We think and talk about making textiles traditionally being a woman's job. Traditional textiles conjure images of pioneer women knitting, embroidery, sewing, and mending at night. Then, I think about the craft industry on the east coast. I have heard New Brunswick made Millville looms were originally constructed for the New Brunswick Craft College. At that time we can assume that most if not all the students in the textile department were woman. I have also heard that at some point Millville looms were given to women as a rent-to-own venture, paying for the loom over time with money made from selling woven products. I have no proof of this, but I love that it is a possibility in our history. In northern NB the Madawaska weavers were in production from the 1950s well into the1970s. The weavers were all women. Even though our production and use for textiles has changed on the east coast, we see production beautiful traditionally woven textiles in Mexico, Guatemala, Thailand and elsewhere. All this weaving is still done by women.
But what was it like in the textile industry? The Paisley shawls- originally from Kasmir, India-made its way to Europe and had a dedicated imitation industry in the 18th and 19th centuries in Paisley, Scotland. This weaving was done in factories with industrialize looms, and as factory jobs they were done by men. I am guessing the Scottish women were responsible for the cloth making for home use while the men went out to the factories to weave the delicate paisley patten. These days, in Varanasi, India, there is a group of men that weave the most beautiful, intricate silk brocade. There aren't any women working in the studios. I am not sure there work places would be factories like we think of them during the industrial revolution, but they produce huge quantities of woven cloth.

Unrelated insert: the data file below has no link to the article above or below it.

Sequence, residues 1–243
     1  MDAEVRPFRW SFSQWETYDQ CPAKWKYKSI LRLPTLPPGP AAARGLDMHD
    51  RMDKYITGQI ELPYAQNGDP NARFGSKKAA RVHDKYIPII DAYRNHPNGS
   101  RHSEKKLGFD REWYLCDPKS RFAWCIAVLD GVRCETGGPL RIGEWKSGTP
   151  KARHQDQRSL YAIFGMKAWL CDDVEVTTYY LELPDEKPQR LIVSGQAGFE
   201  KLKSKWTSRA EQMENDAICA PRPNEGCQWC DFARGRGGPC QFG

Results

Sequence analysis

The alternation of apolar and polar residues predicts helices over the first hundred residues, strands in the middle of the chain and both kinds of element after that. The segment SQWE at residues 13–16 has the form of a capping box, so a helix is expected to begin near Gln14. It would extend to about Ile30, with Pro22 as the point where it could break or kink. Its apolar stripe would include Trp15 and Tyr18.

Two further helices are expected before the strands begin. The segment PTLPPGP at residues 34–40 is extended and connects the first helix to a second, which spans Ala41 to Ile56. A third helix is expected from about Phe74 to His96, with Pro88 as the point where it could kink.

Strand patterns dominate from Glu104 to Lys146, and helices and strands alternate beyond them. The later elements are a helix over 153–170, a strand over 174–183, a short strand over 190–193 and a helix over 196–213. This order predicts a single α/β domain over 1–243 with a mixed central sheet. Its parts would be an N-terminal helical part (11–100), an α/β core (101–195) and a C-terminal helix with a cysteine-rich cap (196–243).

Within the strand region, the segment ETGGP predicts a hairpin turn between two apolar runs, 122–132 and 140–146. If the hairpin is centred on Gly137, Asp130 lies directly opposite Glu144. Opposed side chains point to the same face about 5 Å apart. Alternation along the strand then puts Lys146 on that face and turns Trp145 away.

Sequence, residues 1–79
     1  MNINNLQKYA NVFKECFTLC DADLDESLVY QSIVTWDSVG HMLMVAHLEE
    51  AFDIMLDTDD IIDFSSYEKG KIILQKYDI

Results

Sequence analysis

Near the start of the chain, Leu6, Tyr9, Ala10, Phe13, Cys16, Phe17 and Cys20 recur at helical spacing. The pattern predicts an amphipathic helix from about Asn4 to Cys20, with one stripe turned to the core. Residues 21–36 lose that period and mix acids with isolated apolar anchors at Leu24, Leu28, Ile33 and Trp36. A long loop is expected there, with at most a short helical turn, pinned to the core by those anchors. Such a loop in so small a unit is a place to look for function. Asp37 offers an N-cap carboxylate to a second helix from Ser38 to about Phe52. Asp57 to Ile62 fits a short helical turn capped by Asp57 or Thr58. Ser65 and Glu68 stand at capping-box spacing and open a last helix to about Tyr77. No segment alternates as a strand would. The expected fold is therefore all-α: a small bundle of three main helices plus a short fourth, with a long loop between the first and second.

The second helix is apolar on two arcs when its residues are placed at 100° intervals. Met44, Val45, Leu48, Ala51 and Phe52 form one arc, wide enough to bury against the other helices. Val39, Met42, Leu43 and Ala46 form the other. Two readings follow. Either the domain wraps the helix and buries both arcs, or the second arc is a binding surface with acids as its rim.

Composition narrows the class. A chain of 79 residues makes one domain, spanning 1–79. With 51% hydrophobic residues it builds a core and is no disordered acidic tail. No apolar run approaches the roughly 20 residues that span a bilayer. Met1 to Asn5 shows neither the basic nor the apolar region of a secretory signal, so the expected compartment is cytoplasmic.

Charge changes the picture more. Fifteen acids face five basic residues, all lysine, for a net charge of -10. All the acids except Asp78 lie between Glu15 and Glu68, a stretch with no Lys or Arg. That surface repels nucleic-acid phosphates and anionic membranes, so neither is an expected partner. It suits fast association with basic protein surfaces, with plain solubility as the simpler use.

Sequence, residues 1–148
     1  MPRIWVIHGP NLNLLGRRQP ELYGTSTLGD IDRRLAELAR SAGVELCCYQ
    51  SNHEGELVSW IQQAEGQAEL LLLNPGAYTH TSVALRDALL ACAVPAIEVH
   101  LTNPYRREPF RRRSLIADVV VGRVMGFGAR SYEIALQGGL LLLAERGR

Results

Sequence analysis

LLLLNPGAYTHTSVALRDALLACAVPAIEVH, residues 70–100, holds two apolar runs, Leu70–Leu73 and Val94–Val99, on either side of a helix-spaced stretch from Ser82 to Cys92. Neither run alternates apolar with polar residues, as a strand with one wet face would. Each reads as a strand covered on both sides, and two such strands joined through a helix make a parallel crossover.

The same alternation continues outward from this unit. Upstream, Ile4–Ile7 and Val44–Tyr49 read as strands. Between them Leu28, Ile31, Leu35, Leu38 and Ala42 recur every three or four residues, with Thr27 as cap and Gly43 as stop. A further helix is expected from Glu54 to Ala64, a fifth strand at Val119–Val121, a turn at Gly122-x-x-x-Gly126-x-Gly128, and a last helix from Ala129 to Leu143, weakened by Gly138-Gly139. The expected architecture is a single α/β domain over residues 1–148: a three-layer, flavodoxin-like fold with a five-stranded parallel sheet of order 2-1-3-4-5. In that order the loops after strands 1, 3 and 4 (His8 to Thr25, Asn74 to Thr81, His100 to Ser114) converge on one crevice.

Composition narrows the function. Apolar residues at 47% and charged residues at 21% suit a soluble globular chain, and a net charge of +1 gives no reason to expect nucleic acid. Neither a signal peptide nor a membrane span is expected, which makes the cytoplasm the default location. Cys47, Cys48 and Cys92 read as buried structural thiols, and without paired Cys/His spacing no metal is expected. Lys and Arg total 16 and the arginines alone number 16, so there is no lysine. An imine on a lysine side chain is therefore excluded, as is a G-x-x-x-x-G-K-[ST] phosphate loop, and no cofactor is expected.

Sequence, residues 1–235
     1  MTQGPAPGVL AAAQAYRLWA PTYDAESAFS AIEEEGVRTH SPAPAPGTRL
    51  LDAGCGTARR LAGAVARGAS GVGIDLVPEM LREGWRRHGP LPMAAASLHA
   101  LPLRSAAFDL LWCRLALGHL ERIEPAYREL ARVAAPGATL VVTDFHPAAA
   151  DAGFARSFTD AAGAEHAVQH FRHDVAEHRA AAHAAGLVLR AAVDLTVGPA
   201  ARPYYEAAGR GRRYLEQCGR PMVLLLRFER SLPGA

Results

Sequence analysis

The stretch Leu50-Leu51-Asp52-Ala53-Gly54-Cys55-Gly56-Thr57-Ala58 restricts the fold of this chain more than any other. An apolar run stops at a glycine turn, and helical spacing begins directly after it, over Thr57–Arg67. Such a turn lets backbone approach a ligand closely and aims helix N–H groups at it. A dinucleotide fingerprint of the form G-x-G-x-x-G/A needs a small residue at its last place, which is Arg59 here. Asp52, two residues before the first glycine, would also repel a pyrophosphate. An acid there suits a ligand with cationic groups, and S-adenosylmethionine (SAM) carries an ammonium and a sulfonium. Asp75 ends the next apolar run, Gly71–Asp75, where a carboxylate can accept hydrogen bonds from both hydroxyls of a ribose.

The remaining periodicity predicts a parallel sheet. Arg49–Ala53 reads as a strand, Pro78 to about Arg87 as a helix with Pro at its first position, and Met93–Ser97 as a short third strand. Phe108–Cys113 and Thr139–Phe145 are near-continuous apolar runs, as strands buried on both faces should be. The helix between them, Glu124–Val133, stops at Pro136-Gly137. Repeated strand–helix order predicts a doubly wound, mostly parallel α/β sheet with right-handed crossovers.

From these few examples, It seems that historically the job of weaving cloth was split into 2 categories. Once the industrial revolution started and factories were built, men operated the machines.They were responsible for the production of massive quantities of cloth. While the women stayed home looking after children and creating the everyday textiles for home use, in much smaller quantities. Now that hand weaving is not done out of necessity, but for pleasure, artists can explore experimental methods or use traditional processes to create a very old craft. And I am sure there are as many women as men working in the textile factories producing our everyday items.